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Russia and Georgia: Ready To Talk?, CU Issue 76, July 21, 2010

There can be few next-door neighbours who loathe each other as much as Russia and Georgia. Relations between the former Soviet ruler and its pro-Western former satellite had been poisonous ever since 2003 Rose Revolution. The August War of 2008 did not emerge out of nowhere – it was the perhaps inevitable result of years of mutual hostility, economic skirmishing and sporadic violence.

The war marked the nadir in the Moscow-Tbilisi relationship. Vladimir Putin’s infamous remark just after the war that he would like to “hang Saakashvili by the balls” sums up the tone. However, recent events suggest that ties between the two could be moving towards a surprising thaw.

Small steps have been taken over the last few months, in the economic sphere at least. In March, the Upper Lars border crossing – the only land link that does not run through the breakaway Russian protectorates of Abkhazia or South Ossetia – re-opened; direct flights resumed two months later (BBC, May 24). However relations between the two states’ political establishments have been cold, with Moscow accusing Tbilisi of involvement in the North Caucasus insurgency (Eurasianet, March 30); President Saakashvili’s government, for its part, has accused Russia of funding the political opposition (Civil.ge, March 20 2009).

The rhetoric seems to be cooling down on both sides. In early July Russia’s hawkish Foreign Minister Sergei Lavrov hinted that Moscow would be willing to negotiate with Tbilisi (Messenger, July 12). It was hardly an olive branch, and used a standard tactic – addressing the Georgian people rather than the Georgian government – but it nonetheless marks a significant shift in tone. Mr Lavrov’s comments followed remarks by President Medvedev in late June in which he expressed hopes for a better relationship: “as soon as Georgia has a new leadership” (Messenger, June 25).

Unsurprisingly, Tbilisi bristled at Russia’s dismissal of its political leadership. However shortly after Mr Medvedev’s statements, President Saakashvili reiterated his willingness to “hold comprehensive talks with Russia without any pre-conditions on normalization of relations” (Civil.ge, June 29).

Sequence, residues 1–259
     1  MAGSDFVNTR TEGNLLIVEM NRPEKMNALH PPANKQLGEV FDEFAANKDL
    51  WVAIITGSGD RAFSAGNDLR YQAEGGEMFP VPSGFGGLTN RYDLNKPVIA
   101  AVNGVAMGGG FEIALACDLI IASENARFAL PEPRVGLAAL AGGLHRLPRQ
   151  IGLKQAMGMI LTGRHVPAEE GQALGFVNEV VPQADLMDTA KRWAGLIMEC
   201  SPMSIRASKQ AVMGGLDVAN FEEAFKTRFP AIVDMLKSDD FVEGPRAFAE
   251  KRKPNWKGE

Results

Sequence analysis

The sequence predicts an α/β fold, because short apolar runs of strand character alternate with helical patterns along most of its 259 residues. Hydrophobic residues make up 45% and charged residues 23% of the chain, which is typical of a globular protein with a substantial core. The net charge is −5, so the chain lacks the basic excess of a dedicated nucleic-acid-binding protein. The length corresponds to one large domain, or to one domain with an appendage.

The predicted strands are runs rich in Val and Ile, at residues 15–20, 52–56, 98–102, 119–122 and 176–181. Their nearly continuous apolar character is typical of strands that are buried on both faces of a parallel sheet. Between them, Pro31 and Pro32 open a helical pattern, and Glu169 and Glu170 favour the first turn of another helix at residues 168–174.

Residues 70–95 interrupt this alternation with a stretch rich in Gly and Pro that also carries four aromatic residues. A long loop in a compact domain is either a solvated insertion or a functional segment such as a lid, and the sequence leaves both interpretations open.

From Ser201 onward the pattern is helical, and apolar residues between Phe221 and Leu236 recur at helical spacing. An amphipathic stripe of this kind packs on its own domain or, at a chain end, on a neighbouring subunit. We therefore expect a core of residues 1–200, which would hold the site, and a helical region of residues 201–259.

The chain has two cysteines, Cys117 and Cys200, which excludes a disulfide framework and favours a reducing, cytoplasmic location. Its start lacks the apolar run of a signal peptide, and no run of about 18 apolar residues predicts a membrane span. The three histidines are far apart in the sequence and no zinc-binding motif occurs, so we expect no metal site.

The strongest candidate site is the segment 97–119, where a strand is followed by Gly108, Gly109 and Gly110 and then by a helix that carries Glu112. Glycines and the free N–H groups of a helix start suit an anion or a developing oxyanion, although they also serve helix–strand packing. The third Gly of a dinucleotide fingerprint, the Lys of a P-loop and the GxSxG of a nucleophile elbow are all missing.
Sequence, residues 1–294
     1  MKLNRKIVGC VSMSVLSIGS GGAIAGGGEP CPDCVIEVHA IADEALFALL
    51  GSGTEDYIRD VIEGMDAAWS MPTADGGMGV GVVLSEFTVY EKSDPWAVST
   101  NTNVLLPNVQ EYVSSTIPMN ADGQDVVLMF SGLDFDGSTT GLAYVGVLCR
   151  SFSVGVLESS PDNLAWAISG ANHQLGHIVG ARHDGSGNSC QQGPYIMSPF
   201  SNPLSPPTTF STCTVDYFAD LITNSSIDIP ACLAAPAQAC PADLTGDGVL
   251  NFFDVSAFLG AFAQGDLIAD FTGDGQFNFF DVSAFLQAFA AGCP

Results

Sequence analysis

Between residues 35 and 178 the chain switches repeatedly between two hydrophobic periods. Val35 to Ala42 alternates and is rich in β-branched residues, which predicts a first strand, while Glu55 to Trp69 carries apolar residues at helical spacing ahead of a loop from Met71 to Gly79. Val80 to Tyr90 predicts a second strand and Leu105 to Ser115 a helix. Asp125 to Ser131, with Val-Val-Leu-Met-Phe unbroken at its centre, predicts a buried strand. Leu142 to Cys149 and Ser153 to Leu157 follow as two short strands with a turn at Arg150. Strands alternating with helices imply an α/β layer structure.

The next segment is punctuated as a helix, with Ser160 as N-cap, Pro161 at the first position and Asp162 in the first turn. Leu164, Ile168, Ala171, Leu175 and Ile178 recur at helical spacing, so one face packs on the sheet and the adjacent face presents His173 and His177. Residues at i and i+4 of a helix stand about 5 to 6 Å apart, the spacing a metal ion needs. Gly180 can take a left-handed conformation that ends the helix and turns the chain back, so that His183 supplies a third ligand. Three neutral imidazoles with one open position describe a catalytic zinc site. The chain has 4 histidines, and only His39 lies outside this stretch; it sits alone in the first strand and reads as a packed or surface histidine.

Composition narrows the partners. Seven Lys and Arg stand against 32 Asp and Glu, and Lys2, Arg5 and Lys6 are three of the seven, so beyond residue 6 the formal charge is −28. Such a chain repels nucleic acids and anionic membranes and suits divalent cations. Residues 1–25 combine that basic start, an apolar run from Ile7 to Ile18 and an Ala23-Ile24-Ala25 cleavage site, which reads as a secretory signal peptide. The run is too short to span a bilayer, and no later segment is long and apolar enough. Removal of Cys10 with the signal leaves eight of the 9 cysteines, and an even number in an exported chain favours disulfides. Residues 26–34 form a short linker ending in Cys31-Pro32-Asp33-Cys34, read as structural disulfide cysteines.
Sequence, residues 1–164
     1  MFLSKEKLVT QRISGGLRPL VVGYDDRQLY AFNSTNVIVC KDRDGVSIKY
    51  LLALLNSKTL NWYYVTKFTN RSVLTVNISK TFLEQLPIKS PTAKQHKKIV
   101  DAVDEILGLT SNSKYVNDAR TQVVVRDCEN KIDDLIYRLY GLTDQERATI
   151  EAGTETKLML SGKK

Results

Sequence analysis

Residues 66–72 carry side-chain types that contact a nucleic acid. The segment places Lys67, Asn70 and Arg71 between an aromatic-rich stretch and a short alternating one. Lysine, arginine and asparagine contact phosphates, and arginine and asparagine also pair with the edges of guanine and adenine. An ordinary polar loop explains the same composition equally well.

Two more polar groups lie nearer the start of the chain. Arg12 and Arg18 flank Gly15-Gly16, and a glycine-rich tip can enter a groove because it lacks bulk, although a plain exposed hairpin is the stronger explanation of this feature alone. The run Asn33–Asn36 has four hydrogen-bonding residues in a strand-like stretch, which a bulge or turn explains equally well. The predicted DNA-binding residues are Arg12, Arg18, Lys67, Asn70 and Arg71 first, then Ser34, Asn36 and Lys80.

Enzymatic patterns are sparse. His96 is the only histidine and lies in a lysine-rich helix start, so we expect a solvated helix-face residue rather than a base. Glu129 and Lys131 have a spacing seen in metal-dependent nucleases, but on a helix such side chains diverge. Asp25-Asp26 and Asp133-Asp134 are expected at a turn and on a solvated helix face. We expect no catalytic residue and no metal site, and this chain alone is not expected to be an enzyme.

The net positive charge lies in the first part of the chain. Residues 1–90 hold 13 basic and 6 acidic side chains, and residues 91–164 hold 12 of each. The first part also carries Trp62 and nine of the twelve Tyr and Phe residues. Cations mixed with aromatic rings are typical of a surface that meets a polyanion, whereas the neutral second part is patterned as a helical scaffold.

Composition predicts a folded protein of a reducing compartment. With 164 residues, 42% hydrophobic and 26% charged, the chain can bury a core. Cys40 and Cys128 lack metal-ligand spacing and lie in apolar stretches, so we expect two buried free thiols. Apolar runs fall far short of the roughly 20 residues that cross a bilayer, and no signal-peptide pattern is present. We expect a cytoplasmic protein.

What is behind this gradual rapprochement? Arguably, it marks a qualified success for the US ‘reset’ policy towards Russia. The atmosphere of mistrust and recrimination which poisoned US-Russian relations in 2008 – over the financial crisis, missile defence, Iran, and Georgia itself – has been replaced with cordiality or, at the least, pragmatism.

Although there is still a clear danger for Tbilisi that Washington will sacrifice it as part of a new relationship with Moscow, the other scenario is that better ties between the old Cold War foes will take the sting out of Russia’s attitude towards Georgia. As long as the Kremlin can be sure that NATO membership is off the cards, and that the US will not indulge President Saakashvili’s ambitions, it can afford to warm ties a little. The Georgian government has certainly learnt that military force is not an option – its new Action Plan for Engagement with Abkhazia and South Ossetia takes an exceptionally conciliatory and technocratic tone (Civil.ge, July 7).

Another interpretation would be that this assessment gives too much weight to the Obama Administration’s reset policy and too little to President Saakashvili’s powers of political survival. He has faced down street protests and defeated the opposition in the Tbilisi mayoral elections, widely seen as the first barometer of public opinion after the war (Reuters, May 31). This is not to assume that Russia accepts or respects his democratic credentials; simply to judge that Moscow has given up on its wish to see him ousted before the end of his term.

For even without the more positive atmosphere brought about by the reset policy, most of Moscow’s key objectives have long since been achieved. NATO membership is impossible to envisage; Russian troops sit within an hour’s drive of Tbilisi; Abkhazia and South Ossetia are almost certainly lost to the Georgian government.

President Saakashvili may still be persona non grata for Moscow, but Georgia’s healthy economy is an attractive proposition. Many Russian companies continue to invest in Georgia, and informal economic links remain strong, partly due to the large Georgian diaspora in Russia. Rebuilding economic ties is a worthwhile prize for Moscow. Indeed, a leaked strategy paper by the Russian Foreign Ministry in May emphasised the need for a foreign policy based on economic imperatives. Georgia may be an economic minnow, but in the current financial climate Russia needs all the trading partners it can muster.



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